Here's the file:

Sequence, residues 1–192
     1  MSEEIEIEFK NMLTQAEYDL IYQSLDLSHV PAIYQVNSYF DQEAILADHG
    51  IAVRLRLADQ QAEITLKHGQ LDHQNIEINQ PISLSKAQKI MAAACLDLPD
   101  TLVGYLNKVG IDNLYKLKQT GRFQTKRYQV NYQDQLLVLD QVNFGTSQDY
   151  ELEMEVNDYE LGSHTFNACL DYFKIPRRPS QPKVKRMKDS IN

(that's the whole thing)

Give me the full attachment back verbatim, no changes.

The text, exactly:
Sequence, residues 1–192
     1  MSEEIEIEFK NMLTQAEYDL IYQSLDLSHV PAIYQVNSYF DQEAILADHG
    51  IAVRLRLADQ QAEITLKHGQ LDHQNIEINQ PISLSKAQKI MAAACLDLPD
   101  TLVGYLNKVG IDNLYKLKQT GRFQTKRYQV NYQDQLLVLD QVNFGTSQDY
   151  ELEMEVNDYE LGSHTFNACL DYFKIPRRPS QPKVKRMKDS IN